On Tuesday September 1, 2015 at 8pm The Morbid Anatomy Museum (MAM), one of Brooklyn’s most unique spaces, will present a screening of RKO – Radio Pictures’ The Most Dangerous Game. “Movie Mike” will project a 16mm print of the classic 1930’s jungle adventure with its lurid pre-Hayes Code themes of violence, sex and extreme (pre-Predator) big game hunting. Grab tickets here.
The film has an interesting production backstory that just happens to intersect with one of my favorite obsessions, RKO’s 1933 film King Kong and its debt to the art of 19th Century illustrator Gustave Doré.
Thanks to museum director Joanna Ebenstein I get to shed some light on those connections via an illustrated guest blog on the Morbid Anatomy website. This link will take you there.
Mourning Becomes Eclectic…
The Morbid Anatomy Museum and Research Library is a cabinet of curiosities focused on the parallel evolutions of the occult and medical sciences, with lots of side trips that include anthropomorphic taxidermy, gothic tropes, and religious reliquaries. Check out the museum’s calendar for future events including MAM’s Common Shade lecture series, presented in conjunction with the Green-Wood Cemetery Historic Fund, which has yielded two exceptional installments thus far.
Well, I’ve already seen Halloween decorations displayed at Lowes Home Center, so I guess an October surprise preview from the folks at Dark Horse Comics isn’t too early to report.
If you are a horror fan and haven’t been following their Harrow County series it’s time to get on board. I think you’ll fall in love with it, and I tell you why in this post reviewing Harrow County #1.
Dark Horse recently announced that the ongoing graphic novel is one of several of the company’s titles being developed by Universal Cable Productions for episodic television, “with direct involvement from the comics creators.” That’s good news because writer Cullen Bunn and artist Tyler Crook‘s work is top notch and I would love to see their aesthetic translated to the screen.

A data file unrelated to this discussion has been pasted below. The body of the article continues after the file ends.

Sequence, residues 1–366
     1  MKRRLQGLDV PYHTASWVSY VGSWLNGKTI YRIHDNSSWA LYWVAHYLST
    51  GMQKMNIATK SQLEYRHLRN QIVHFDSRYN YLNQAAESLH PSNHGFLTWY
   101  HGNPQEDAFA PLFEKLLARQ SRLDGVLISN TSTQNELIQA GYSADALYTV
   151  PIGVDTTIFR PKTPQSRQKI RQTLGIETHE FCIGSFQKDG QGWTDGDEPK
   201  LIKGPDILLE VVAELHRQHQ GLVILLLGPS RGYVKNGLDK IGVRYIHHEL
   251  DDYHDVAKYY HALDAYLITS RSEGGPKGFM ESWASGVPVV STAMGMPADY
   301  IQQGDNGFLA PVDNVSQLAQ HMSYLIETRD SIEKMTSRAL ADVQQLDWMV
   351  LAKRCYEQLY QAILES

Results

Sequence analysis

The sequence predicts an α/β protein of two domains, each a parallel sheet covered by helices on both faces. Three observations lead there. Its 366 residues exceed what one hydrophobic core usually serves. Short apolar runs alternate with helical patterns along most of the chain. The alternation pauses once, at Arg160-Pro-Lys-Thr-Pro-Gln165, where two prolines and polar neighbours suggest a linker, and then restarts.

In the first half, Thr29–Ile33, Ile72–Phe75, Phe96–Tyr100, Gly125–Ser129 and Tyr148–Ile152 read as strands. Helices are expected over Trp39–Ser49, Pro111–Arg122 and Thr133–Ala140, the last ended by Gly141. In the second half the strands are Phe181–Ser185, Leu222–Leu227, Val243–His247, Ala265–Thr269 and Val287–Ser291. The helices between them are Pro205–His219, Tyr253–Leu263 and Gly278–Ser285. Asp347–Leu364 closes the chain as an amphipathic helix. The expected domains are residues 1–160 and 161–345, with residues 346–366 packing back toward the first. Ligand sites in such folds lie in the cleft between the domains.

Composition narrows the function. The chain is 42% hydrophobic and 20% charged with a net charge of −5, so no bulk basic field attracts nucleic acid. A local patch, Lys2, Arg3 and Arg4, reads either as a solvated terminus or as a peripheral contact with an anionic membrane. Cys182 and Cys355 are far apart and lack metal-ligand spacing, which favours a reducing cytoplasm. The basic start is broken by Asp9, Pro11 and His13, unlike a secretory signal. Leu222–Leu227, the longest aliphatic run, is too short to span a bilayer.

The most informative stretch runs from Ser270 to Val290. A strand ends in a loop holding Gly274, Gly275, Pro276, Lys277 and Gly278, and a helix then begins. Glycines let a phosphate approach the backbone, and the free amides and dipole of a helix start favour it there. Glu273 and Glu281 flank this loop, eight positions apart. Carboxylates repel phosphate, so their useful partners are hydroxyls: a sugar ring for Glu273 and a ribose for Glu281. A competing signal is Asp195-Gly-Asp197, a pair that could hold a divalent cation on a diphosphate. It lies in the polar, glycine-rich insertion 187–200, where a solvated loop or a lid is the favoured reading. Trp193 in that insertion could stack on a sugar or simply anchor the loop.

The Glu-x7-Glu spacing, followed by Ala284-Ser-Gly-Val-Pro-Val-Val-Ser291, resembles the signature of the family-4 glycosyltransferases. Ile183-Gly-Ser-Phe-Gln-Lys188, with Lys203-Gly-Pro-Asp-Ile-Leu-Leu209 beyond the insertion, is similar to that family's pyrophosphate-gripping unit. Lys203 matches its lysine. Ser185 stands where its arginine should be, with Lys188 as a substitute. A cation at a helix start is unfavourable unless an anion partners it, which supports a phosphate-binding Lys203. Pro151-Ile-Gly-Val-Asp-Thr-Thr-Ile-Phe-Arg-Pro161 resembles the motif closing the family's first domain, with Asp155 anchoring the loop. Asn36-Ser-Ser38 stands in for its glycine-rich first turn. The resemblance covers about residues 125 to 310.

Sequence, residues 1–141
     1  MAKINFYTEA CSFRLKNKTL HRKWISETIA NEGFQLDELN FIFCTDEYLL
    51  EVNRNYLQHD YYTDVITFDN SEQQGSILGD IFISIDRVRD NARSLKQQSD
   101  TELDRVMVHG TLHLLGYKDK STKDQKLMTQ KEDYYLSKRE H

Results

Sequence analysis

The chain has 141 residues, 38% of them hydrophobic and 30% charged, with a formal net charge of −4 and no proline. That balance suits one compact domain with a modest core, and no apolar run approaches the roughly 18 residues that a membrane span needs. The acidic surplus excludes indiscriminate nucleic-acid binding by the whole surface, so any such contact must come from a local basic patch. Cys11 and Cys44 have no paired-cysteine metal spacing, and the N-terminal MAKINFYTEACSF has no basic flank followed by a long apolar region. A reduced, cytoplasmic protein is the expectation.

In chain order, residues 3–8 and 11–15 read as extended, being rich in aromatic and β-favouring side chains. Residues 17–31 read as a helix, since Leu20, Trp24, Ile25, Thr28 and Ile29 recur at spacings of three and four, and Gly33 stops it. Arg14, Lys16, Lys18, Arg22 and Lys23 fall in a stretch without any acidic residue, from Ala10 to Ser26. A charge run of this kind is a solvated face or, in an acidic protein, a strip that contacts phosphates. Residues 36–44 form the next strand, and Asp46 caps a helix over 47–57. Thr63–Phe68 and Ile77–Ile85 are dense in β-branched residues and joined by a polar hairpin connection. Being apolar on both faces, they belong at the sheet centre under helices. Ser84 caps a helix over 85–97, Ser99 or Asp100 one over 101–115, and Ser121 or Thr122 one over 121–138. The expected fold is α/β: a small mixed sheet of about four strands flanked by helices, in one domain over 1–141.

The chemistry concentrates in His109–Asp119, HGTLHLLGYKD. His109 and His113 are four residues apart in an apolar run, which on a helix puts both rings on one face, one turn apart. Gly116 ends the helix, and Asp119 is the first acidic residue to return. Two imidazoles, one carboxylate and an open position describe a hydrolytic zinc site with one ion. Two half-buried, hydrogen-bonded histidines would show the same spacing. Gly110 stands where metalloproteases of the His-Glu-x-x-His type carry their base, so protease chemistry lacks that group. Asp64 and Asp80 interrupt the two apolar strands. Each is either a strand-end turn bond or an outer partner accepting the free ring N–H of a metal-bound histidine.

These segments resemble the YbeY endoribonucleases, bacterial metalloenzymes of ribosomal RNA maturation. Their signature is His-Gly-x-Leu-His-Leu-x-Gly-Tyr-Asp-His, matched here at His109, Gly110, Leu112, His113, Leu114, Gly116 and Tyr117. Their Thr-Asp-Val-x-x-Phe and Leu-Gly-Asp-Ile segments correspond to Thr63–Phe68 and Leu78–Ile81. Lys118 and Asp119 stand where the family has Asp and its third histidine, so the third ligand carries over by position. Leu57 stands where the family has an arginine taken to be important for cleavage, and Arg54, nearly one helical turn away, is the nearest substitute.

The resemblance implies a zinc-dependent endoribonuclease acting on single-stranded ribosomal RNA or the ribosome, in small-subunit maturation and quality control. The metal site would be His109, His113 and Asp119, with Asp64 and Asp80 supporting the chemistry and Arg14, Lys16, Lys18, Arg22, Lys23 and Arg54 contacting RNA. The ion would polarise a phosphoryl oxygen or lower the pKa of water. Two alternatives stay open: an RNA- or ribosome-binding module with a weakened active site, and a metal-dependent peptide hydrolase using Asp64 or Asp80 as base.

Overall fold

Release Date: August 26, 2015
I Took a Dog’s Paw, A Hog Jaw, and Tied ’em in a Knot…
There is no rest for the expired when you happen to be Hellboy. He’s dead. He’s in Hell. He’s all messed up. Yet even in death he’s going to have to face a world of deadly problems, possibly the expunging of his eternal soul thereby becoming a hollow howling haunter of hell. He is not without benefactors but their needs are reciprocal and large.
Written and rendered for the printed page by HellBoy creator Mike Mignola and his trusty wingman, colorist Dave Stewart, issue #7 of Dark Horse Comics’ Hellboy In Hell presents us with the first of the two-part story “The Hounds of Pluto.”
I Took a Black Cat, A Cave Bat, and Threw ’em in a Pot…
Inspiration can come in the strangest forms, and editor Scott Allie informs us that Mignola found his muse for a key story element in a skeletal feline Halloween ornament. That item is elevated to star status on the cover of HBiH #8 (September 2015).
Mignola brews his stories in a cauldron of classic motifs that often suggest the frames of a silent era film. Caligariesque street-scapes, post grave grudges, glitchy golems and Shakespearean incantations are all part of the mix here. To heighten the effect, colorist Stewart juxtaposes the hard lines and stark tones of Hell’s very active memento mori against subtle watercolor washes depicting Hellboy’s verdant reveries of Alice and the rebirth of existence in the wake of what was once England.
What role must HB play in the rise of the new Albion? Not even those intrinsically involved know for sure, but you can begin your own deductions when this issue hits the bookstore shelves.
If you want to catch up with just how our hero got to this place in time and space before HBiH #7 is released, check out Dark Horse’s The Storm and The Fury: HellBoy Volume 12 compilation which pulls together the two story arcs you need under one cover.